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6 Reasons BPA is a Toxic Poison

Written by Dr. Group, DC Founder
BPA is a synthetic toxic compound that can be found in plastic items.

I’m sure just about everyone has heard of BPA, but many people are still confused about its presence and safety risk. Simply put, bisphenol-A is a synthetic compound used in plastic and epoxy resins. What does that really mean to you? Think about everyday items like water bottles, sports equipment, CDs, and DVDs. On the epoxy side, you might have BPA lining the inside of food cans and water pipes, or in thermal paper (the kind used in receipts). Studies indicate the majority of Americans test positive for BPA. [1] Why is this a concern? Well for one thing, BPA can lead to endocrine disorders or other health concerns. I’m going to run through 6 reasons why you’re much better off without this compound and some simple advice for how you can avoid BPA.

Why You Should Avoid BPA

1. BPA is Especially Dangerous to Women

Recent evidence suggests that BPA is toxic to a woman’s ovaries. [2] One study found that after exposure, follicle production was fewer and smaller as the production of estradiol, a hormone necessary for normal reproductive development, had become stunted. [3] There’s even evidence suggesting that BPA exposure can shorten the reproductive lifespan and lead to infertility. [4]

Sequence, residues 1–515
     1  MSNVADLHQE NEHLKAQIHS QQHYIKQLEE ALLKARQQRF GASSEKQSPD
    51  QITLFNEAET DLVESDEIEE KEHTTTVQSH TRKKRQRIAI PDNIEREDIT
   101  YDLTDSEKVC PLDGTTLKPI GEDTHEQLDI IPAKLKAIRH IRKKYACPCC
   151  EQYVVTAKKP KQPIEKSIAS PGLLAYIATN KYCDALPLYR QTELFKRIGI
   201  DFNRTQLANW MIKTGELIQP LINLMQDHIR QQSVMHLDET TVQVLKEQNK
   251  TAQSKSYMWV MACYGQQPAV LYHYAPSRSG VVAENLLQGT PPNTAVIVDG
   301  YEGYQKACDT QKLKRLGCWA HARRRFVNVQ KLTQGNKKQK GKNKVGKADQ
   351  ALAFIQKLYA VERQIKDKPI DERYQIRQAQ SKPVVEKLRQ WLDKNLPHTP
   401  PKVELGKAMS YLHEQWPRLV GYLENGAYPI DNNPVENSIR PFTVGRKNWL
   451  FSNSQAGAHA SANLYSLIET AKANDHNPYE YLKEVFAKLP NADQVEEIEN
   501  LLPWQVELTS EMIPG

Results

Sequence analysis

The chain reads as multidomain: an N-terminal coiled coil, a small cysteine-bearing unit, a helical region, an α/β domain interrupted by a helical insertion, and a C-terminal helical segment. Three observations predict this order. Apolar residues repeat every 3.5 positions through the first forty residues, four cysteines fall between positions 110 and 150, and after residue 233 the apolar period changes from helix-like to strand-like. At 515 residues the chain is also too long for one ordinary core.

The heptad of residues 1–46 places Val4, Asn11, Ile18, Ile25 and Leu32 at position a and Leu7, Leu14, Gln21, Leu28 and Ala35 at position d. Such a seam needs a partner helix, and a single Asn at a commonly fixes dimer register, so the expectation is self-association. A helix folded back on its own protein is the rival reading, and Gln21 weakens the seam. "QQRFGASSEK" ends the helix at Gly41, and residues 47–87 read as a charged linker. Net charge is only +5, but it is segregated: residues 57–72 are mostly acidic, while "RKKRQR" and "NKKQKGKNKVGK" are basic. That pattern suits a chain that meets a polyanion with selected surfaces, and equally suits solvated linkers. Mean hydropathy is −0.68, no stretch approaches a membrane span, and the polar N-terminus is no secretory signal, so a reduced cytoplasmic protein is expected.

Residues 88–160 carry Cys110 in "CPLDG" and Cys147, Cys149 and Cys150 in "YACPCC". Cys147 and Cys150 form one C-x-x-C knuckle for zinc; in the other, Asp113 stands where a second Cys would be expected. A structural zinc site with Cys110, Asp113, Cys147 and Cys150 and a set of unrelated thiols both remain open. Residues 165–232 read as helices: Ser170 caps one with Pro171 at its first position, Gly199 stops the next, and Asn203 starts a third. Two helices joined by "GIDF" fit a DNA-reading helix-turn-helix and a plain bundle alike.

2. BPA Causes Lung Concerns in Kids

In addition to being harmful to a woman’s reproductive system, there’s evidence suggesting that exposure can also cause issues for the unborn child during pregnancy. [5] In a study of mothers and infants, the mothers with higher levels of BPA had children with decreased lung function. According to the study, each tenfold increase in the average BPA concentration corresponded to a 14.2 decrease in lung function. [6] The study also noted that the children were more likely to develop persistent wheezing by age 5, suggesting the very scary idea that an expectant mother’s BPA exposure can actually affect her child’s lung development.

3. BPA Leaches Into Bottled Water

Years ago, there was a concern that drinking from water bottles left in hot cars increased cancer risk. That was never proven, but what is certain is that toxic levels of BPA seep into water from plastic. For over four weeks, scientists studied plastic water bottles left in three different temperature conditions. The highest temperature — 158 degrees Fahrenheit — was chosen because car interiors can easily reach that on a hot day. In the hottest bottles, there was an increase in levels of BPA, suggesting that the levels of this poison steadily increase over time. [7]

4. BPA Pollutes the Air

It’s bad enough that BPA is in so many items, but recent evidence even suggests it’s polluting the environment. Chemical companies often use BPA as a plasticizer to make plastic stronger and, in 2013, over 26 tons of the stuff was released into the air. What does that mean for us? Well, not only do we have to worry about ingesting BPA or absorbing it through the skin, inhalation is also a concern. In fact, one study found that BPA is everywhere. [8] To give you some more perspective, another study found BPA in everyday household dust. [9]

5. BPA Raises Blood Pressure